Some organizations offer employees both 403(b) and 401(k) plans. If that’s true of your employer, you can participate in both but the contribution limits in one year for both plans can’t exceed a total of $19,500 (with a $6,500 catch-up, if you’re eligible).

Some employers that offer 403(b) plans offer additional catch-up contributions of $3,000 annually if you’ve worked at least 15 years steadily with the company. These are not available with a 401(k).

Second, many employers offer a match of up to 100 percent of the employee contribution. In other words, if you contribute 3 percent of your own salary, your employer may match up to that percentage, making your total retirement savings 6 percent of your salary.

It’s important to understand whether you receive a match, and if so, how much it is. Some 403(b) plans don’t offer a match, because 403(b) plans are not required to meet all the regulations contained in the Employee Retirement Income Security Act (ERISA) like 401(k) plans are. If your employer has set up a non-ERISA plan, your employer cannot offer a match. If your employer does offer a match and you don’t take advantage of it, you are leaving money on the table.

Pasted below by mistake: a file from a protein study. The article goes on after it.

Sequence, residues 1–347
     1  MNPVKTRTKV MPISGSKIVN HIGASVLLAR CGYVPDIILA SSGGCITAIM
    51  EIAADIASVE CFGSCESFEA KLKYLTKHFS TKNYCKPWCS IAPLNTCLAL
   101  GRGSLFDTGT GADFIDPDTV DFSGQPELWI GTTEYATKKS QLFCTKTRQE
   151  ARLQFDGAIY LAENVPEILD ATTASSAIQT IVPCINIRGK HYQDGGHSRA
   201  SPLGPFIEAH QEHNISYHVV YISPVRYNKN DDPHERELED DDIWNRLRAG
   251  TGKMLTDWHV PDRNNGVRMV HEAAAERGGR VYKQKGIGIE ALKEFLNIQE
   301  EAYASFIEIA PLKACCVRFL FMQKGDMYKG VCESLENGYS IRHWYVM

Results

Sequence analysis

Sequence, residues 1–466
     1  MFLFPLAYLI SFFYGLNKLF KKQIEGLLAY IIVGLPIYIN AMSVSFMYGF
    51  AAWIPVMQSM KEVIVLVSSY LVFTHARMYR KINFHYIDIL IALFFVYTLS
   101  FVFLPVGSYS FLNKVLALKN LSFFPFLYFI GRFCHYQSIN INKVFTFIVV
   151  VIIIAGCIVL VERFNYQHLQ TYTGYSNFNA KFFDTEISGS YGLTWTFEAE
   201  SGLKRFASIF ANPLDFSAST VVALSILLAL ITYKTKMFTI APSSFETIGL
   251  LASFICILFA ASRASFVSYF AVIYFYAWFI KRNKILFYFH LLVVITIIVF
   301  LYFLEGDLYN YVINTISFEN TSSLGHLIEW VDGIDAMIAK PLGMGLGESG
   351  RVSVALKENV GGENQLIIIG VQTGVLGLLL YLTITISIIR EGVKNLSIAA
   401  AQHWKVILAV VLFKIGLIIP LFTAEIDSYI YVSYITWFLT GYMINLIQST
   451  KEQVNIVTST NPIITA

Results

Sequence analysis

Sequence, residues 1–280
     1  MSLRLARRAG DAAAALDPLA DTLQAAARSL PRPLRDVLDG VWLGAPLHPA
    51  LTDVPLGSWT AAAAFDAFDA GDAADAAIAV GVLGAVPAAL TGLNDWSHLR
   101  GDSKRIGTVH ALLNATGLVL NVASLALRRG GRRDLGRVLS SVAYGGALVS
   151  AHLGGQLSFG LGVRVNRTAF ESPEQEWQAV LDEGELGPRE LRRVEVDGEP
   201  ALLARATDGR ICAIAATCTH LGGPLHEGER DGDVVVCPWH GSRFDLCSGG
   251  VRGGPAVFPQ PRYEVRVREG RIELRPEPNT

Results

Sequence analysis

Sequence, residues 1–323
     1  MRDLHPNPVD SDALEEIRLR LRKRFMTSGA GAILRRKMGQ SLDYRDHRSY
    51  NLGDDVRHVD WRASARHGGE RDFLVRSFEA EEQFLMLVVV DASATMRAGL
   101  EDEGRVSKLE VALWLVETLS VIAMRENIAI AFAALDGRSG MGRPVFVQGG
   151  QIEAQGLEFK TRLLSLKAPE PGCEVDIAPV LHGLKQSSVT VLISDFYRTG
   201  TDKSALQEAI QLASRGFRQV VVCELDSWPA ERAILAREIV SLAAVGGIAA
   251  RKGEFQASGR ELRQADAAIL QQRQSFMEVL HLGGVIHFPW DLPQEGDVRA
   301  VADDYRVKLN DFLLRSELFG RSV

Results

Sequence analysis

Another benefit of a Traditional 403(b) plan is that the contributions are not taxed in the year of contribution, which can save you considerably on taxes and may lower your tax bracket. The amount you elect to contribute is taken out of your paycheck pre-tax. The money is not taxed until you withdraw it in retirement.